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Space Science

The Blistering Hot Exoplanet Where It Snows 68

cylonlover writes "Today's weather on HD 189733b: It will be hazy with high wispy clouds. The wind will be steady from the east at speeds approaching 6,000 miles per hour (9,656 km/h). Daytime temperatures will average a balmy 800C (1,472F), while the equatorial hot spot at 30 degrees longitude is expected to top 900C (1,652F). But, there is a high chance of silicate snow showers, with accumulations expected except in the vicinity of the hot spot. Just how much can astronomical observations tell us about exoplanets — those worlds orbiting other stars in our galaxy? With patience and cunning, more than you might think."
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The Blistering Hot Exoplanet Where It Snows

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  • Re:I welcome (Score:5, Insightful)

    by dominious ( 1077089 ) on Wednesday March 14, 2012 @05:29AM (#39350245)
    This is not just for knowledge sake. Weather conditions on other planets may help us understand weather behaviour in general, and in turn understand better the weather conditions on our own planet.
  • by amck ( 34780 ) on Wednesday March 14, 2012 @05:49AM (#39350307) Homepage

    We actually run weather and climate models for Mars, now. Currently we've run models on Mars, Titan and Venus, based on Earth weather models. Its a good check on whether the models are right: physics is physics, and bar changing some specific details (water -> methane, CO2 condenses out on Mars, etc) if the model doesn't work on Mars, somethings wrong with the model.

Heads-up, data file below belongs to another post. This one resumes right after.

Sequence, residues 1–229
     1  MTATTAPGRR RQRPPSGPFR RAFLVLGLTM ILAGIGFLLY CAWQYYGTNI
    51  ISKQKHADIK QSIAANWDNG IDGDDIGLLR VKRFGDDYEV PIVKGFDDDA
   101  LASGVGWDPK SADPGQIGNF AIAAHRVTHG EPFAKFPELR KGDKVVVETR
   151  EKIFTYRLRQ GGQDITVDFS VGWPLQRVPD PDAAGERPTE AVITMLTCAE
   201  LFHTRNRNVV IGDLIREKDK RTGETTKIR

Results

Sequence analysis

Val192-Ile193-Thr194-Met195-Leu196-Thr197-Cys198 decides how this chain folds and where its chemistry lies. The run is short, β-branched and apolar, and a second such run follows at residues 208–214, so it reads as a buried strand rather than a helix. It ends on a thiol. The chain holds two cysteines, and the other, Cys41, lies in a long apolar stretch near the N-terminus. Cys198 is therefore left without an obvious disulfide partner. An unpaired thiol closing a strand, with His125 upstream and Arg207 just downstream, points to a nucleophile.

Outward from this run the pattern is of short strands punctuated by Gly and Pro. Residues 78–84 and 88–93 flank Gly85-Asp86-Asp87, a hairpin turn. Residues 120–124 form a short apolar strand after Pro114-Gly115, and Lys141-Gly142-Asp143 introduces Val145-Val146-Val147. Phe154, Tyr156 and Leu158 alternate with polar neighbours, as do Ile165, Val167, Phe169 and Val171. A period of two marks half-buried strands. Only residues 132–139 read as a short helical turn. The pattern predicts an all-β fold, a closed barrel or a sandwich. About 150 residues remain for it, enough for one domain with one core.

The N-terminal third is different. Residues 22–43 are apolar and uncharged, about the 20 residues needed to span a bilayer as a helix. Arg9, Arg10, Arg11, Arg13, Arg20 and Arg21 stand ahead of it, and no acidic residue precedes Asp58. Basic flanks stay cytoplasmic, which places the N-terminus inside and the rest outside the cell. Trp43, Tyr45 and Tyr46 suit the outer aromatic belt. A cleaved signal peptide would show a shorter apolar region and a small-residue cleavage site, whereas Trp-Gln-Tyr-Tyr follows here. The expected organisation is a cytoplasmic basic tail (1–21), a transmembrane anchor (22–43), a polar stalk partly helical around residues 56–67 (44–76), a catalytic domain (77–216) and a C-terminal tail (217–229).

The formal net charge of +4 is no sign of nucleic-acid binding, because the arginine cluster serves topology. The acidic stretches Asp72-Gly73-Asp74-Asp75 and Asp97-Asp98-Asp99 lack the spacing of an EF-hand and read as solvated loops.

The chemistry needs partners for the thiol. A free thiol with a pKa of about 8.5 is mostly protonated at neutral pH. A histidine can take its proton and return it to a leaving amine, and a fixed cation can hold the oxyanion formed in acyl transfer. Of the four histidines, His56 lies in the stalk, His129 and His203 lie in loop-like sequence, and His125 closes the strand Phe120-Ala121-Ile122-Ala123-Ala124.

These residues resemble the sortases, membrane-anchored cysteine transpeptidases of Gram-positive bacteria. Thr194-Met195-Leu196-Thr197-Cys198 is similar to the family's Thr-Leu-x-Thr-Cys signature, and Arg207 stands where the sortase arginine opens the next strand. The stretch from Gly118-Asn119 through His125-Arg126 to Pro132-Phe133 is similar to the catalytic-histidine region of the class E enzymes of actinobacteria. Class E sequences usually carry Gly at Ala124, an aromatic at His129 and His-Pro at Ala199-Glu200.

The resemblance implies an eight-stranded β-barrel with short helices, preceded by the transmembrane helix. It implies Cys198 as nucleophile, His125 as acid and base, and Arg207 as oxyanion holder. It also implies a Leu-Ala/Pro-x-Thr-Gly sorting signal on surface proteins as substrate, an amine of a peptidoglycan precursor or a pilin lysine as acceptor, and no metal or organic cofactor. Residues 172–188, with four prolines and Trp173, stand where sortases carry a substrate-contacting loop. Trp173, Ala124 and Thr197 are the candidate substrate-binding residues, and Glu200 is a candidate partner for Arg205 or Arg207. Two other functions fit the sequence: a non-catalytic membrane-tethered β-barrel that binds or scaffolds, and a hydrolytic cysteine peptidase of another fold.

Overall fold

• Re:I welcome (Score:4, Insightful)

    by An Anonymous Coward ( 236011 ) on Wednesday March 14, 2012 @06:36AM (#39350505)

    Well sure, if we could actually observe the weather on this planet and confirm or refine our speculations, that would be great. Unfortunately, the technology to do so is well beyond our means at this point. By the time we actually are able to directly observe this planet, our weather models will probably be much more refined as well.

    I'm reminded of the planet discovered over a year ago that was tidally locked to its star, which created a habitable zone circling the planet where the light from the star would hit it at an oblong angle, creating a zone of essentially perpetual twilight where life could form. We had quite a few ideas already for what the environment on this planet must be like, until further measurements of the star system revealed that the "planet" was really just minor errors in the calculations of the star's wobble, and there wasn't even a planet there to begin with.

    This article isn't "just knowledge for knowledge's sake." Indeed, it seems to be purely speculation for speculation's sake. I'm actually very concerned by the line in the summary, "With patience and cunning, more than you might think," because that really implies we know a lot more about what we're talking about than we actually do. I'll just be happy when the weather forecaster on TV can accurately tell me the weather for the next week.

Some people manage by the book, even though they don't know who wrote the book or even what book.